A birdie at the 3rd hole from 12 feet saw Leishman move ahead in the match but Oostuizen immediately responded with birdies at the 4th and 5th.
Leishman squared the match at the with a birdie at the 6th but soon after Oosthuizen took control of the match by taking a three-hole lead through 10 holes.
Leishman reduced the margin with birdie at the 14th but he was unable to gain any further ground and the pair shook hands at the 17th.
Oosthuizen, though, would go on the lose to American Kevin Kisner in the afternoon quarter finals.
The match that would steal most attention on Saturday morning, however, would be the gripping encounter between Tiger Woods and Rory McIlroy.
After a series of pars over the opening four holes Woods edged ahead when he birdied the drivable par 4 5th hole after his tee host finished just short of the green.
Woods birdied the next and when he added another birdie at the 10th he had moved 3 ahead and the match appeared to be all but over.
McIlroy, however, saw it differently and fought back birdies at the 12th and 13th and there was just one hole between arguably the game’s two most exciting players.
The straw that would finally break McIlroy’s back would come at the 16th when, appearing to have the ascendancy after a superb drive, McIlroy finished just short of the green side bunker with his approach at the par five and then almost inexplicably floundered his way before conceding the hole.
That saw Woods 2 ahead with two to play and when Woods saved par from short of the green at the 17th it was all over.
The volatility of 18 hole match play encounters was no better displayed than in Woods' afternoon match against Lucas Bjerregaard the 50th ranked player in the field. Any player in this field is capable of beating another on any given day and so it would prove.
The match see-sawed throughout both players ahead at various stages although three was never more than 2 holes between the pair. Bjerregaard squared the match with a brilliant eagle at the 16th and when both players hit stunning tee shots at the 17th and converted for birdies they headed to the 18th hole all square.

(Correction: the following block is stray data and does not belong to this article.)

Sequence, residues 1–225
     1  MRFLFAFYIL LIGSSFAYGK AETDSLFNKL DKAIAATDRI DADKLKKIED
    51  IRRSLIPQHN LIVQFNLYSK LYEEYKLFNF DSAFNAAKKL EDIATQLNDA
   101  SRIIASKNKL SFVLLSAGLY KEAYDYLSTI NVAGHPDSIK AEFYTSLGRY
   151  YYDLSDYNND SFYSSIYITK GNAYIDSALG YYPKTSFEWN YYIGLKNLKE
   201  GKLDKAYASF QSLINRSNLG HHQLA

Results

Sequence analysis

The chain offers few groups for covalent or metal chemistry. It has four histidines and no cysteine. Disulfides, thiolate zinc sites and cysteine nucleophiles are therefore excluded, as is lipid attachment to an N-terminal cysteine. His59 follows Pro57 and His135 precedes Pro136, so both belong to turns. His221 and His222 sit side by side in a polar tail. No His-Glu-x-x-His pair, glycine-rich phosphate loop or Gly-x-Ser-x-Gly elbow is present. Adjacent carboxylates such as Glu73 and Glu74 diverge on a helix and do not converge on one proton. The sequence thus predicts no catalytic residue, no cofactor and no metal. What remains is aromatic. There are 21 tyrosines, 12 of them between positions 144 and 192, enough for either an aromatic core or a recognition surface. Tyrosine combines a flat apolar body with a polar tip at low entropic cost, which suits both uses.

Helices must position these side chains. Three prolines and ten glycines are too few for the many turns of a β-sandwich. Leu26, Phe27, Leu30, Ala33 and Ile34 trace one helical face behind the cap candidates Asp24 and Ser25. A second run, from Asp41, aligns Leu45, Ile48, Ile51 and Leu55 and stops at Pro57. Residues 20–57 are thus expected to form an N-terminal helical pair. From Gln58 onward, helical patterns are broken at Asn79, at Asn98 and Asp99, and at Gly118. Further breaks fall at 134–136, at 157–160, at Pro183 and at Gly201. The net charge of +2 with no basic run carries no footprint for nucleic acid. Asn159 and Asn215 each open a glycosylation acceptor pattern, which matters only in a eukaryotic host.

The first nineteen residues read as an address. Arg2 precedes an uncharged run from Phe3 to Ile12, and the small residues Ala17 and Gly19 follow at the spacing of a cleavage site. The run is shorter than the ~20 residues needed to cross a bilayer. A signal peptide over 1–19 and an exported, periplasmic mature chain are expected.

When many felt it would be Bjerregaard who would succumb at the final hurdle it was Woods who surprisingly pitched into the bunker from just short of the green and failed to get up and down to hand the match to the ever-improving Danish golfer.
Understandably Bjerregaard was excited about what he had achieved.
“It's up there with my best days, that's for sure," he said. "We had a great match, it's a shame it had to end like this. It really didn't deserve that. Obviously I'm happy to come out on the winning side. But we had a great match and I really, really enjoyed playing with him today.
“I've never played with him before, so it was a cool experience for me and obviously to say I've beaten Tiger, there's not a lot of guys that can say that, so it's up there. It's so different to what I've ever experienced before.
“And I've played with some good golfers before, but I've never heard so many yell his name and all the stuff all the way around. And it was really cool to experience. And I actually thought it was really enjoyable. But it must be hard, as well, doing that every day.
“The support out there was great. A lot of people yelling my name as well, and having a bit of fun with it. So there was support for me as well.”
In tomorrow's semi-finals Bjerregaard takes on 2013 champion, Matt Kuchar, and Francesco Molinari faces Kevin Kisner
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